Clondalkin changes leadership team following acquisition completion

Richard Stuart-Turner
Thursday, December 22, 2016

Clondalkin Flexible Packaging Group has officially transferred ownership to Dutch private equity firm Egeria and restructured its leadership team.

Egeria had signed an agreement to acquire 100% of Clondalkin’s shares from an affiliate of Warburg Pincus in September and the deal was completed on 15 December.

The Amsterdam-headquartered packaging group, which has 11 manufacturing sites in The Netherlands, UK, US, Germany and Switzerland, has changed its leadership team following its acquisition, with Anthonie Zoomers taking over as chief executive.

Zoomers has previously worked in chief executive roles in a variety of industries, including the food industry. Aschwin Hollander, who has experience in a variety of commercial and financial roles within SPGPrints, has taken over as chief financial officer.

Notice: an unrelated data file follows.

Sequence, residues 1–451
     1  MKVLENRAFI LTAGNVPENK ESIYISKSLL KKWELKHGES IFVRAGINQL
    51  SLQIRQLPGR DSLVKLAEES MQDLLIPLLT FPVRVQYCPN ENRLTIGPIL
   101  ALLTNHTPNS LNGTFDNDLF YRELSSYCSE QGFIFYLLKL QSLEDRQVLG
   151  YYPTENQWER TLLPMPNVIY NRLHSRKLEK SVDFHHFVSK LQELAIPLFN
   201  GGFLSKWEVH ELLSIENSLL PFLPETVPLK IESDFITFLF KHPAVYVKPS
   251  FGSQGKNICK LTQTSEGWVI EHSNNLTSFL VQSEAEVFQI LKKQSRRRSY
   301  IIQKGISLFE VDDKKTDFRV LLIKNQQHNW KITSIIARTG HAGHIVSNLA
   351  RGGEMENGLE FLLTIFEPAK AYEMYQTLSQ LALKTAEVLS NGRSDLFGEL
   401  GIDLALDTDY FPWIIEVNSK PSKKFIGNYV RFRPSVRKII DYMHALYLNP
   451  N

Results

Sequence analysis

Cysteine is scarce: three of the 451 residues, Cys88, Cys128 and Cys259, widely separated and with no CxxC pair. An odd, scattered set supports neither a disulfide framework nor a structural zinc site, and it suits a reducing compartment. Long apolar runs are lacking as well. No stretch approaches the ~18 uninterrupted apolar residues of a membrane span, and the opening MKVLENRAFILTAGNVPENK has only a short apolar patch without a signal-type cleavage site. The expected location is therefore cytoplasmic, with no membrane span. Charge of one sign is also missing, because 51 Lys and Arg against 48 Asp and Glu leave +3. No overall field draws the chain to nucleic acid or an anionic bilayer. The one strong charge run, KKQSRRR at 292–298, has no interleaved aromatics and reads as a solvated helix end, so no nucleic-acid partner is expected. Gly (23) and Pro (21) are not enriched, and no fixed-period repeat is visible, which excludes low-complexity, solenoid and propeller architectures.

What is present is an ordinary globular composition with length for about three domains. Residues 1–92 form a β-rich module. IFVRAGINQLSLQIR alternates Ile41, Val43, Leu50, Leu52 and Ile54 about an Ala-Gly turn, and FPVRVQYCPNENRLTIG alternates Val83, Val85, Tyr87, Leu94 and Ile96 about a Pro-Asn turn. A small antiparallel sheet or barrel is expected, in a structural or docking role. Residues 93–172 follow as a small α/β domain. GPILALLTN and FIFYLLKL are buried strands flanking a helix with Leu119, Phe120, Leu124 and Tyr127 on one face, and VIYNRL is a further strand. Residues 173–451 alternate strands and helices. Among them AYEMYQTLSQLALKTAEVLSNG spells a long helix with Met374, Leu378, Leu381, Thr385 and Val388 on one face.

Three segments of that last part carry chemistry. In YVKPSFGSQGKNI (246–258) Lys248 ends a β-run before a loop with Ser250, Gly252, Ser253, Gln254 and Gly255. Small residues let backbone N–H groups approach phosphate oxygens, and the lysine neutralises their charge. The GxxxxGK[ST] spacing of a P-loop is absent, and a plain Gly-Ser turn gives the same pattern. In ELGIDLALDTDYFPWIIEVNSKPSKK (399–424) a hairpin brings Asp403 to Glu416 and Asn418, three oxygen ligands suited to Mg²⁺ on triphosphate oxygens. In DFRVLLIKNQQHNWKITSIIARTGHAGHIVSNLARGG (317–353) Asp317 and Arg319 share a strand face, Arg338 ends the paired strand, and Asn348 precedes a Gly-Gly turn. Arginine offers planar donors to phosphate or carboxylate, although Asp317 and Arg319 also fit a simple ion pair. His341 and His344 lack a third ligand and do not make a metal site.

Former chief executive Paddy Mullaney and former financial officer Michel Jansen have stepped down from their positions.

Clondalkin, which has a turnover of around €400m (£337m), supplies flexible packaging products including complex multi-layer and barrier films as well as foils, laminates and coatings to more than 45 countries globally.

Egeria partner Floris Waage said: “Clondalkin has a long history of delivering high value added products and putting its customers first. We are committed to supporting Clondalkin and are convinced it has attractive growth opportunities.”

The acquisition is the latest in a string of recent private equity deals in the packaging sector.

Moorgate Capital was involved in the Egeria deal. Nicholas Mockett, head of packaging M&A at the financial adviser, said: “There’s a massive amount of private equity interest in packaging. Part of the reason for that is the quality of the industry and another aspect is that it has a major overhang in terms of fundraise that it’s still looking to deploy.

“Packaging is attractive for both its growth and its limited downside. If you do a risk-adjusted return on it then it’s a compelling opportunity. With something that could disappear overnight, which typically there isn’t in this industry, they might be a bit more reticent.”

For more on the drivers behind recent print M&A activity, and a look at what 2017 might bring in this area, see our briefing in the next issue of PrintWeek, out 9 January.

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